The fact that Plaintiff's weight did not exceed the threshold at all times does not render the ALJ's determination invalid. Nothing in the regulations indicates that a claimant's weight must exceed the threshold on every occasion. Furthermore, although we have not been able to locate any case law on this point involving obesity-related disability, courts addressing the continuity issue with respect to blood pressure-based disability and mental illness-based disability have concluded that not all measurements during the requisite period must exceed the threshold. Honeysucker v. Bowen, 649 F. Supp. 1155 (N.D. Ill. 1986); Johnson v. Califano, 572 F.2d 186 (8th Cir. 1978); Dennis v. Heckler, 756 F.2d 971 (3rd Cir. 1985). Plaintiff's weight, even while undergoing chemotherapy, exceeded the threshold half the time. On those occasions where it did not, it tended to be close to the threshold. Plaintiff's weight is tending upward significantly. This is enough under the applicable regulations given the limited scope of our review.

 Conclusion

 For the reasons stated above, we conclude that the ALJ's finding with respect to the first, weight-based, criteria of Listing 10.10 is supported by substantial evidence. Consequently, Defendant Secretary's motion for summary judgment is denied. We also conclude that the ALJ's finding that the second criteria of Listing 10.10 is not met is not supported by substantial evidence. We conclude as well that the ALJ's finding that Plaintiff is not disabled is not adequately supported and Plaintiff's motion for summary judgment is granted.

 The question remains whether we should reverse the Secretary's decision and remand for an award of benefits or simply remand for further administrative proceedings. Section 405(g) gives us the authority to affirm, modify, or reverse the Secretary's decision "with or without remanding the cause for a rehearing." 42 U.S.C. § 402(g) (1993). We need not remand "'when no useful purpose would be served by further administrative proceedings, or when the record has been fully developed and there is not sufficient evidence to support the ALJ's conclusion.'" Rodriguez v. Bowen, 876 F.2d 759, 763 (9th Cir. 1989) (citations omitted) (quoted in Grindle v. Sullivan, 774 F. Supp. 1501, 1514 (N.D. Ill. 1991)). Compare Campbell v. Shalala, 988 F.2d 741, 744 (7th Cir. 1993) (holding that remand was necessary because "the ALJ failed to evaluate Campbell's RFC and to make the determinations required . . ." and "the record is not so clear that we can award or deny benefits on appeal"). Benefits should also be awarded when "'the ALJ fails to point to clear and convincing reasons for rejecting the conclusions of the treating physician, or provide specific, legitimate reasons based on evidence for disregarding that conclusion . . . .'" Boyes v. Sullivan, 901 F.2d 717, 722-23 (9th Cir. 1989) (citations omitted) (quoted in Grindle, 774 F. Supp. at 1513-1514).

 There is no reason to remand this matter for further proceedings. The record is fully developed, containing as it does x-rays of Plaintiff's weight-bearing joints and spine, objective medical evidence addressing Plaintiff's motion limitations and history of pain in her weight-bearing joints and/or spine, and evidence of Plaintiff's weight. The ALJ's finding that Plaintiff met the weight requirement is supported by substantial evidence in the record. Thus, there would be no useful purpose in remanding to consider this portion of the disability test.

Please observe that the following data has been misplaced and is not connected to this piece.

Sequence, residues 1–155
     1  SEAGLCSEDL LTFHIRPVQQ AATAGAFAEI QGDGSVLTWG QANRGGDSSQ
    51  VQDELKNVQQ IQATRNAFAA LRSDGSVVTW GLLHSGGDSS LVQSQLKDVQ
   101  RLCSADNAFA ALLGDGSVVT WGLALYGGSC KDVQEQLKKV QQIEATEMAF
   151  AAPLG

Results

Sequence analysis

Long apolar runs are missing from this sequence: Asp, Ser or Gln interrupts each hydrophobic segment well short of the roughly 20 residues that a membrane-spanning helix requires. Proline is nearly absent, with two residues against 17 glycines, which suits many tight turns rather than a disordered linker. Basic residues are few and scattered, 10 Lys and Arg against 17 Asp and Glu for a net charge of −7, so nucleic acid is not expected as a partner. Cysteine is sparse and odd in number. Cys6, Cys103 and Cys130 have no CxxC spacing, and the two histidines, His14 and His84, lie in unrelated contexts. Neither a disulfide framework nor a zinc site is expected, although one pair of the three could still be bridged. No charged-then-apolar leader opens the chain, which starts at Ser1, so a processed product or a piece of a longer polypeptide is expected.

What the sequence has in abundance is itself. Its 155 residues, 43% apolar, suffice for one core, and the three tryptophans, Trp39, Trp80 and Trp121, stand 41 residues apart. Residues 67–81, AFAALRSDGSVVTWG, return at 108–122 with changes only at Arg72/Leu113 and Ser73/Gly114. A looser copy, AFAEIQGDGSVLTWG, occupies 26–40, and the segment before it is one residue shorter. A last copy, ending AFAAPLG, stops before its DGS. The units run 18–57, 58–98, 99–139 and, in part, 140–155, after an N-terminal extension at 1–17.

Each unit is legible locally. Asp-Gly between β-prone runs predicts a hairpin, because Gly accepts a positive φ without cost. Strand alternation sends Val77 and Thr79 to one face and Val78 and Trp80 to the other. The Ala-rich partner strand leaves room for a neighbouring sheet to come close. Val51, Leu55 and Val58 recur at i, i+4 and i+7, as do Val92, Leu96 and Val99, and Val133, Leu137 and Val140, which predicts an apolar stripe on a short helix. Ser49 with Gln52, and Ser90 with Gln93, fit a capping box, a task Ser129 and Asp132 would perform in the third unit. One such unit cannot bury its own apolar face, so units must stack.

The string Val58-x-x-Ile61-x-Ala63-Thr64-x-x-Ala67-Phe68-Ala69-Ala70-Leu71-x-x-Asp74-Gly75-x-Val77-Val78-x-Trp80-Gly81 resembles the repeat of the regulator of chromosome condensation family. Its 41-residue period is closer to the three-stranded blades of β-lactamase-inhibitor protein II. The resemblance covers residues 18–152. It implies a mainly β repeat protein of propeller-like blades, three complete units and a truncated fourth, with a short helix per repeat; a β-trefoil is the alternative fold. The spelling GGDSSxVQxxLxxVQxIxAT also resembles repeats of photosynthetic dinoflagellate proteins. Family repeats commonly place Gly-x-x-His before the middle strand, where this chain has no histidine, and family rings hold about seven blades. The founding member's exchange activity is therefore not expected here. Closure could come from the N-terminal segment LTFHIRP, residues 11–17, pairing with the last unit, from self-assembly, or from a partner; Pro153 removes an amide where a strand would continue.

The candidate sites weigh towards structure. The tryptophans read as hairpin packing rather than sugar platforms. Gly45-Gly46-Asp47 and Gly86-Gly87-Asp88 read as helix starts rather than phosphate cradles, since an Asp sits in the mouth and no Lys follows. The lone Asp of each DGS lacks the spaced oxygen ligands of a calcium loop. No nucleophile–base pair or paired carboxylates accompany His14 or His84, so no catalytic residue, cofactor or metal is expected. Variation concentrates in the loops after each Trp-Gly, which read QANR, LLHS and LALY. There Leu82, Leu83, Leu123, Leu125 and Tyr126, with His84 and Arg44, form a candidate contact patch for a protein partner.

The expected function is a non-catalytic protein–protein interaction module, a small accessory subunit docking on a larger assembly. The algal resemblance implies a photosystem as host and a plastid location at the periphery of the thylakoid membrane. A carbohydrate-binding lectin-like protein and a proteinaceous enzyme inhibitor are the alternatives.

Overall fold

There is no purpose in remanding for an evaluation of the 10.10(A) requirements, either. The uncontroverted evidence in the record provides no basis on which the ALJ on remand could find that Plaintiff's condition does not meet the requirements of subsection 10.10(A). As discussed above, the x-rays show evidence of arthritic degeneration in Plaintiff's knee and spine. The record also contains reports of two different physicians on four different occasions that indicate variously that Plaintiff has limitation of motion in one of her knees and in her lumbosacral spine, and experiences pain in her knees and spine. The ALJ did not point to specific evidence or provide any reasons why the reports of Drs. Long and Diaz regarding Plaintiff's pain and motion limitations should be disregarded. In fact, the ALJ specifically gave controlling weight to Dr. Diaz's residual functional analysis. Furthermore, the reports are consistent with each other and at the very least not inconsistent with the x-ray results. A remand would serve no useful purpose as the evidence permits of only one result. See Grindle, 774 F. Supp. at 1514 (finding that no substantial evidence contradicted the conclusions of two treating physicians that plaintiff was disabled, and concluding that there was no genuine issue of material fact regarding plaintiff's disability and that no useful purpose would be served by a remand to reach an "inevitable result").

 The decision of the Secretary is hereby reversed. The matter is remanded for the sole purpose of determining the period of disability and the payment of benefits.

 ENTER:

 Paul E. Plunkett

 UNITED STATES DISTRICT JUDGE

 DATED: March 3, 1994


Buy This Entire Record For $7.95

Official citation and/or docket number and footnotes (if any) for this case available with purchase.

Learn more about what you receive with purchase of this case.